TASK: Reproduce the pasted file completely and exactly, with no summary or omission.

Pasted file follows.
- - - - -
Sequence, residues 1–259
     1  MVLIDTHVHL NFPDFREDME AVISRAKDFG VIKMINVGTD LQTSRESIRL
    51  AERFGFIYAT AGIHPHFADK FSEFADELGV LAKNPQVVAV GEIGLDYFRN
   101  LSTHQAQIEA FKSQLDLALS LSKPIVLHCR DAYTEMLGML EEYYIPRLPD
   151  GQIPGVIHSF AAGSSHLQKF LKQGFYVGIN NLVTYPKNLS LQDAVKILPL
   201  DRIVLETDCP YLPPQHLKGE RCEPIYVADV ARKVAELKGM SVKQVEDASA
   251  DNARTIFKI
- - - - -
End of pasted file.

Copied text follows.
Sequence, residues 1–259
     1  MVLIDTHVHL NFPDFREDME AVISRAKDFG VIKMINVGTD LQTSRESIRL
    51  AERFGFIYAT AGIHPHFADK FSEFADELGV LAKNPQVVAV GEIGLDYFRN
   101  LSTHQAQIEA FKSQLDLALS LSKPIVLHCR DAYTEMLGML EEYYIPRLPD
   151  GQIPGVIHSF AAGSSHLQKF LKQGFYVGIN NLVTYPKNLS LQDAVKILPL
   201  DRIVLETDCP YLPPQHLKGE RCEPIYVADV ARKVAELKGM SVKQVEDASA
   251  DNARTIFKI